Tuesday 29th September 2020

Women Of Courage Series. #42. Ann. 45/2020.

Women Of Courage Series. #42. Ann. 45/2020.

A series of blog posts on Denyse Whelan Blogs to be found here from mid-May 2019: Wednesdays: each week until the series concludes in 2020.

Here is the introduction to the series.

Courage is strength in the face of pain or grief. It’s doing something that frightens you. We face situations that demand courage every day. These situations provide us with choices, and the way we respond to those choices determines our future. Dayne Shuda.

This woman of courage, Ann who is 70, has known me longer than anyone who would be reading this blog….unless my brother or father do ….and I suspect not.

Ann and I met aged 10 when our family moved from Wollongong to the northern beaches Sydney suburb of Balgowlah Heights. I was placed in 4th class in December 1959 as Dad decided my brother and I should start school before the long summer holidays. I then went into 5th and 6th class with Ann, who had been at the school since Kindergarten. She and her family also lived in the same street as the school and I remember visiting their amazing house.

Sadly, like my parents’ house it no longer looks as it did in those years.

Ann and I also travelled by bus to Manly Girls High School as the foundation students for the 6 years of the education now known so well and we did both the School (Year 10 1965) and Higher School Certificates (Year 12 1967). By the time the senior years came we had different subject choices, friendship groups and futures planned that were tertiary education-based. I went to teaching and she went to architecture.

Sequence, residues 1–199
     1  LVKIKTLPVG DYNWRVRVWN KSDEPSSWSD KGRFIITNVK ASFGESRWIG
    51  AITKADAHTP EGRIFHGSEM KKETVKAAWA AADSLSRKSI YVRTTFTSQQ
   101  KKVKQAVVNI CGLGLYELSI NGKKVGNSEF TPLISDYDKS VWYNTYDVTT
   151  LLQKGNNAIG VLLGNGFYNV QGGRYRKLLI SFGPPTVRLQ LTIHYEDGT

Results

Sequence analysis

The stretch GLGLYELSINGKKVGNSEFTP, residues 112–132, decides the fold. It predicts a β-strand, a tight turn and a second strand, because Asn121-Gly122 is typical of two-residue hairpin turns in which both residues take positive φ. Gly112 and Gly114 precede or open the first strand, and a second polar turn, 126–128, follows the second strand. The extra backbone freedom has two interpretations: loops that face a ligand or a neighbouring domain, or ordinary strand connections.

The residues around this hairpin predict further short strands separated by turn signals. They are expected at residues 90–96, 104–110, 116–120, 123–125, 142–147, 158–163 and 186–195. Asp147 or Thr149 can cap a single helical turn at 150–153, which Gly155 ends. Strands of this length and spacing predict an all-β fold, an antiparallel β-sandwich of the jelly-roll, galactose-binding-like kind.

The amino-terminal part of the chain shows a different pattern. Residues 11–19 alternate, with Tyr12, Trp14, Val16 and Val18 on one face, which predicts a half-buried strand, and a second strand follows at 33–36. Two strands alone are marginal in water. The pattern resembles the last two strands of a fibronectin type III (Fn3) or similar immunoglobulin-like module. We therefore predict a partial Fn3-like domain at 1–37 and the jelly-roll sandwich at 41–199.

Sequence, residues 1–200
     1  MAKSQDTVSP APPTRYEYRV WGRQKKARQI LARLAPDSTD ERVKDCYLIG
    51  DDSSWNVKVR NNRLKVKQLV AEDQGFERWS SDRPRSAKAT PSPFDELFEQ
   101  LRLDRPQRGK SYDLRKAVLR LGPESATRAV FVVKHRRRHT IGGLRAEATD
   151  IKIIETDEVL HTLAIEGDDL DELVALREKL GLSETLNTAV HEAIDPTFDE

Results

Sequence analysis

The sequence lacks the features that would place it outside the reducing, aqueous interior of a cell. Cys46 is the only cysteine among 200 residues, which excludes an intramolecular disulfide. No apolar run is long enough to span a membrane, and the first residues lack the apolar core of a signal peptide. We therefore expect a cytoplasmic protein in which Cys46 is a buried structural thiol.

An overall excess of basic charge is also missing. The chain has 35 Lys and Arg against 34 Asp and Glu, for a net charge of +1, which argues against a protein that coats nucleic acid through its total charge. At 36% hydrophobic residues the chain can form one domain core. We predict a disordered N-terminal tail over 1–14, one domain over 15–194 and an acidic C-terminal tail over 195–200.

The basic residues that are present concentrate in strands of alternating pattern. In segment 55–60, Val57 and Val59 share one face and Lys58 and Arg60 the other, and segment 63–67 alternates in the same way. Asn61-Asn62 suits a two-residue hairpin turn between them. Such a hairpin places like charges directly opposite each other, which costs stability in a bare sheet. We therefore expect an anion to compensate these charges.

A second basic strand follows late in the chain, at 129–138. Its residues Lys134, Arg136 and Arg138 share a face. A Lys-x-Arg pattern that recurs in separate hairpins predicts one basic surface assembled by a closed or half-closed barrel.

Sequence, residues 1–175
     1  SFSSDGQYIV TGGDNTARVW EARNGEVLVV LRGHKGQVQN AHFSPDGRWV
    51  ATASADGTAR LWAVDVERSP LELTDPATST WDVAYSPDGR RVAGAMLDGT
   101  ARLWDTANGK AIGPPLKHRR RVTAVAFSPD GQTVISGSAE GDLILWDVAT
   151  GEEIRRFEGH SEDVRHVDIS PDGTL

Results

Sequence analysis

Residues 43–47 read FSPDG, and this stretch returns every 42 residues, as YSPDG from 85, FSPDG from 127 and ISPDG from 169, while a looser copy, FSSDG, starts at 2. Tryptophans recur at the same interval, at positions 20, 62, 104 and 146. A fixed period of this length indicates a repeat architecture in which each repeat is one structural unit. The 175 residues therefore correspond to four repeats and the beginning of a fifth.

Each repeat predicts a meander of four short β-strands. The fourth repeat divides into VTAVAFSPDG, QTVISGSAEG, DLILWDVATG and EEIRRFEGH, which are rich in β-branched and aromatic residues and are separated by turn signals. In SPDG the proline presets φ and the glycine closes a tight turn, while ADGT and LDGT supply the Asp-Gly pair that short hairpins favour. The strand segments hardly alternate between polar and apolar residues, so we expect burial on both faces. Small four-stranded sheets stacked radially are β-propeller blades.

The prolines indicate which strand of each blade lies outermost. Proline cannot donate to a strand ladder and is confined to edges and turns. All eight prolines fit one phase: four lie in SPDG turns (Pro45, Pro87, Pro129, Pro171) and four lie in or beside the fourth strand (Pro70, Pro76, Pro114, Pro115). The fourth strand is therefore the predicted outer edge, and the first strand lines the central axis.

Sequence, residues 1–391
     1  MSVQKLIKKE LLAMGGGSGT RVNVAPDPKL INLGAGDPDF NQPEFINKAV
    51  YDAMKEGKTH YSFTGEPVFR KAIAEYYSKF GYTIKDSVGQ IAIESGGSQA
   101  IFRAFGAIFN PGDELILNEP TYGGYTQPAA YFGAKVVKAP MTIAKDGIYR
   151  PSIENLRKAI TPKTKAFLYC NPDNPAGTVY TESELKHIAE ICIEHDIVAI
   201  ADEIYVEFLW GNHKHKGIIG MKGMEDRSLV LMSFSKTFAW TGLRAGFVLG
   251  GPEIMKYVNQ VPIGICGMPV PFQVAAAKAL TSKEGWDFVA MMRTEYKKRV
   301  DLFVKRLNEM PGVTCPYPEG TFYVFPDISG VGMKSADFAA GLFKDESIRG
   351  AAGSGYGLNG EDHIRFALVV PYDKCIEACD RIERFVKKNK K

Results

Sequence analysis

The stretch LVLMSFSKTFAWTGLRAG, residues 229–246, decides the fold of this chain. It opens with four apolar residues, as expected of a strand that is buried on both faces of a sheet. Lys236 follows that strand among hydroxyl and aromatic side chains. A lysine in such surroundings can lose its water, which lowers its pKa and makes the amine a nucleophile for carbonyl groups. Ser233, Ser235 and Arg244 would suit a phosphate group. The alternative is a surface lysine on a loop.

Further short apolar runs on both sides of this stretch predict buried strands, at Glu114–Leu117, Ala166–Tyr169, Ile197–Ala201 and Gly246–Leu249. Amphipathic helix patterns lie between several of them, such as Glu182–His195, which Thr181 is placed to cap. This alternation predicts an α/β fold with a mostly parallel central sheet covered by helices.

We lost any connections until the latter years when we found each other via facebook or maybe one of those school groups. I can’t recall. However, before we left Sydney we caught up for those decades having a morning tea together…and discovering for all those preceding years, she and I had probably passed each other quite a few times as Castle Hill’s “Towers” as she and her family, like ours, settled in the north-west of Sydney, not the northern beaches!

 

 

 

 

What have you faced in your life where you have had to be courageous?

I have never considered myself as a particularly courageous person and found myself wondering how to respond to Denyse’s request to take part in her mission, so my first reaction was to look up the meaning of courage. 

“Courage: the ability to do something that frightens one; bravery”, “strength in the face of pain or grief”.

After deliberating, I can look back at times during my 70 years of life on Planet Earth where that “ability to do something that frightens” certainly played into action, although I was oblivious of my strength of courage to work through these events at the time. 

My first need to find strength was during 3rd Grade at school, as we had a most terribly strict female teacher who delighted in the use of harsh military tactics and corporal punishment to maintain discipline. The entire class was petrified, scared stiff and united in our fear of this sadistic woman, to the point that her behaviour was a major talking point amongst us when we were out of the classroom.

I remember waking every Monday morning with dread, then thinking to myself that I made it through last week, so I would get through the coming week.

Courage? Yes, and incredibly, I now realise that I have recalled and drawn on this singular experience of that brave little eight-year old girl many, many times.

 

How did this change you in any way? Please outline further if this has been the case.

I was raised by parents who drew no gender barrier in our household of six females and two males, and due to my love and abilities in the artistic and mathematical arenas, selected a career in architecture.

This was a field dominated by men back in the 1960s, but of which I was rather naively oblivious.